May 28, 2009
The recent transfer of the marketing remit from BIM to Bord Bia is a step in the right direction as up until now, seafood has been treated as non-food by Bord Iascaigh Mhara and this category has been under-developed in comparison to other food products. Various agencies currently assist the seafood sector with aspects of business development, research and development and innovation and agencies such as Enterprise Ireland, Bord Bia and Teagasc have wider-food-industry expertise and have tried and tested methodolohies and business models which can be applied to seafood products.
BIM are in the process of completing a â‚¬28 million new building in Clonakilty, Co Cork and many of the services they will be offering are duplication of existing services on offer in other agencies. The new buildings are carbon-copies of existing facilities throughout Ireland however BIM will only look at seafood products as opposed to other facilities/agencies which can apply wider food expertise.
Solutions – The Irish Marine Institute and Department of Fisheries carry out a similar role as the Fisheries section of BIM. Amalgamate the Fisheries Remit of BIM into the Marine Institute Agenda.
While the marketing remit of BIM has been moved to Bord Bia, 11 staff from the BIM marketing section are to be re-deployed/re-branded as Business Development/Innovation staff and will remain at BIM. Question – what is the difference between marketing and market development and shouldn\’t Bord Bia be covering the business development area as well? Bord Bia should be encouraged to fill this niche or to link with existing service suppliers/agencies offering these services rather than allow BIM to duplicate existing services.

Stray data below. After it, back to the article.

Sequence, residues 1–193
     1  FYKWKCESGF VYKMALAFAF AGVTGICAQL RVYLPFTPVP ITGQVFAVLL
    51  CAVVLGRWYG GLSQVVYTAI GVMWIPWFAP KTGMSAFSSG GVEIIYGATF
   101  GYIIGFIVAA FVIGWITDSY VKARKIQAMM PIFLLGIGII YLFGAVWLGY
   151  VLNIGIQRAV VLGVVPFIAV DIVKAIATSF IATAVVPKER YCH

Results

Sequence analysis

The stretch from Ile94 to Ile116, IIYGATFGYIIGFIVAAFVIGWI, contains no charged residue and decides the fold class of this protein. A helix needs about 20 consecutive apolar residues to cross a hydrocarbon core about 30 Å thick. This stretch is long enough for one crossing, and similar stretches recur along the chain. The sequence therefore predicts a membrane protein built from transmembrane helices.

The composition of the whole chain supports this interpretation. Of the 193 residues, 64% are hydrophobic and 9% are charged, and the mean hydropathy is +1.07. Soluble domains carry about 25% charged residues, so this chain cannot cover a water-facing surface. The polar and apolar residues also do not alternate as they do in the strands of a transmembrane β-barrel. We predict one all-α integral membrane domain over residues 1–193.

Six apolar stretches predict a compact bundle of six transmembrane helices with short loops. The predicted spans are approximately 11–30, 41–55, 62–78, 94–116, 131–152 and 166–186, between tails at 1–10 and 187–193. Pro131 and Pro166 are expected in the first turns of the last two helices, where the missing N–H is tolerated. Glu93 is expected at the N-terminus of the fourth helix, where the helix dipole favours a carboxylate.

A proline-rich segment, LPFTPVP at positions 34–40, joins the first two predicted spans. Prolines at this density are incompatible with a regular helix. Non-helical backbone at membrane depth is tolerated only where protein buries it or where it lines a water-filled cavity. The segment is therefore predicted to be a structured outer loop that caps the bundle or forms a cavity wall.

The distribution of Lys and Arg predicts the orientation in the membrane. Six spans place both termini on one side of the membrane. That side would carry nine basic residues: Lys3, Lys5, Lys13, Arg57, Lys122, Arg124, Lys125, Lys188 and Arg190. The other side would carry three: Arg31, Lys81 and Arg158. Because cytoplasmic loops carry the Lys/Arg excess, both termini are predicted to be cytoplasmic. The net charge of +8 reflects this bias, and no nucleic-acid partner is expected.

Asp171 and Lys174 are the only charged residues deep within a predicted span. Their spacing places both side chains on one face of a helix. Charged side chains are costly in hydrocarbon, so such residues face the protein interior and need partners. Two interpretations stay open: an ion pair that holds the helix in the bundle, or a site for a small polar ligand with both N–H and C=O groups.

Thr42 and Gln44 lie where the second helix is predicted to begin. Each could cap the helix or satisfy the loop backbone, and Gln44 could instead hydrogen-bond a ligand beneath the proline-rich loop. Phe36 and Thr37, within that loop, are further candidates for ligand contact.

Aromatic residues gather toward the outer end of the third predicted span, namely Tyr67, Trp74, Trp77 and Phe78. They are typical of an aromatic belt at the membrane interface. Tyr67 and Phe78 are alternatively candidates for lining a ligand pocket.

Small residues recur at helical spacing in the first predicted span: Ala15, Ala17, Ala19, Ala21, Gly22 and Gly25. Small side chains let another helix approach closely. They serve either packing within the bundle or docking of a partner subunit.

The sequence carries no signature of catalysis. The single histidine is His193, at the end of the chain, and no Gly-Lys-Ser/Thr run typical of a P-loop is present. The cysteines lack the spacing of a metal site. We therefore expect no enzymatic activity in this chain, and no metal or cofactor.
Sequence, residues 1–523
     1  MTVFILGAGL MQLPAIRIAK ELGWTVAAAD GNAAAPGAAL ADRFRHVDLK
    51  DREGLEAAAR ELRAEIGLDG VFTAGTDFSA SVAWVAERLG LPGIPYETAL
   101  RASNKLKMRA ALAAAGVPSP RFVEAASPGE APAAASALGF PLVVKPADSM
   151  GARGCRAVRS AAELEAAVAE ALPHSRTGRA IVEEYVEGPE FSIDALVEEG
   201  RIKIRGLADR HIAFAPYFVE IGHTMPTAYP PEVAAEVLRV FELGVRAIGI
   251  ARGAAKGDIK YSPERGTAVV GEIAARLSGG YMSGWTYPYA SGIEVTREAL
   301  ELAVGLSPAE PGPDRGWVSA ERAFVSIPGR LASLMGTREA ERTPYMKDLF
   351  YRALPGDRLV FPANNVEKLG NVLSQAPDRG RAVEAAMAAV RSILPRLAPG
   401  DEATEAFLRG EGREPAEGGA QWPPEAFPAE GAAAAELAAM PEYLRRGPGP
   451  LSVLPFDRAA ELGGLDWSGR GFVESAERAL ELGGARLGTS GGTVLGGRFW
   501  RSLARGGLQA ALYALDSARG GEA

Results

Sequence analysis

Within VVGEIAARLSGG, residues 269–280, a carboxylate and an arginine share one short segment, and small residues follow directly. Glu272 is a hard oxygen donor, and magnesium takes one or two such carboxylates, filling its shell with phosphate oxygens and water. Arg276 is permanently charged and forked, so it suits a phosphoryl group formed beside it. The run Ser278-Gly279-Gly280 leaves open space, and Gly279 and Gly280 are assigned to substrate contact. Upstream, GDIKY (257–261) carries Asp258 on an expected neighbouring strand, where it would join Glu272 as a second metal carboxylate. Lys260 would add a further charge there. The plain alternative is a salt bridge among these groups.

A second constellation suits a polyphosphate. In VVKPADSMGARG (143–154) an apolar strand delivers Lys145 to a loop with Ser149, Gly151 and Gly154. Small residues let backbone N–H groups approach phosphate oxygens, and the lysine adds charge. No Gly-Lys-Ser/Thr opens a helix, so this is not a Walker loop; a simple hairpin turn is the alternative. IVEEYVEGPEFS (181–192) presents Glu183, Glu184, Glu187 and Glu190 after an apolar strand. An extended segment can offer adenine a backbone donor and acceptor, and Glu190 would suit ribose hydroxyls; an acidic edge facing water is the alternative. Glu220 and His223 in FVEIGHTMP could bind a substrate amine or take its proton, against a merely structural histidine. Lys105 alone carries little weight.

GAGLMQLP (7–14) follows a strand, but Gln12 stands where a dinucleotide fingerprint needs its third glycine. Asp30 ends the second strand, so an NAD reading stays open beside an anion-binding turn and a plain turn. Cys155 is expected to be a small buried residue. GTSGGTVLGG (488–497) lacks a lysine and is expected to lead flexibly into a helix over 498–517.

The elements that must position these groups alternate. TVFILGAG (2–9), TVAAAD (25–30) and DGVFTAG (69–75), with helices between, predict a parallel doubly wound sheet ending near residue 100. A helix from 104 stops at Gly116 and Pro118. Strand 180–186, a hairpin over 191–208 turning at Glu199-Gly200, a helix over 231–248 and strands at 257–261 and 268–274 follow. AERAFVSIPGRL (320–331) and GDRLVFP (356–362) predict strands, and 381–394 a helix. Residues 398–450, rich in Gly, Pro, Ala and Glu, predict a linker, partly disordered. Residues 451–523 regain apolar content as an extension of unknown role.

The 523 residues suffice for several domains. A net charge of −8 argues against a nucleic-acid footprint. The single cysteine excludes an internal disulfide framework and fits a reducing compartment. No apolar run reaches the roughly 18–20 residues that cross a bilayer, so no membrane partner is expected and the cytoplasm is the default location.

One of the new areas BIM will tartget is Product Development and Innovation. This is a completely new area for BIM and will require additional staff, equipment and facilities which in turn will require millions in capital and current expenditure in years to come. Suggestion – Transfer this remit to existing research agencies e.g. Teagasc who currently provide this service to seafood companies and fund various inter-agency programmes between Bord Bia / Enterprise Ireland / Teagasc aimed at Innovation/market development/innovation and Technology Transfer. This will save millions in years to come and close collaboration between Bord Bia, Enterprise Ireland and Research agencies will ensure research is carried out for the benefit of SME\’s, is relevant and can be commercialised resulting in job creating and retention.
Finally, rather than compound the problem and leave the new facilities in Clonakilty empty, allow the Seafish Protection Agency and Dept of Fisheries who also reside in the same building to utilise the space earmarked for BIM. The processing facilities/incubation units would be better utilised for fisheries-related activities or those concerned with authenticity or investigation of illegal landings and existing SFPA/dept staff could move up the corridor rather than BIM staff having to travel between Dublin and Clonakilty at enormous expense (mileage and subsistence).
The facilities in Clonakilty should not have been given the go-ahead until a full analysis of existing facilities and service providers had taken place. If a document had of been propared in the first place and the seafood industry were consulted, it would have been abundantly clear that new facilities are not what is required but a more joined up programmes between existing agencies and investment in collaborative programmes aimed at integrating seafood into wider food agendas.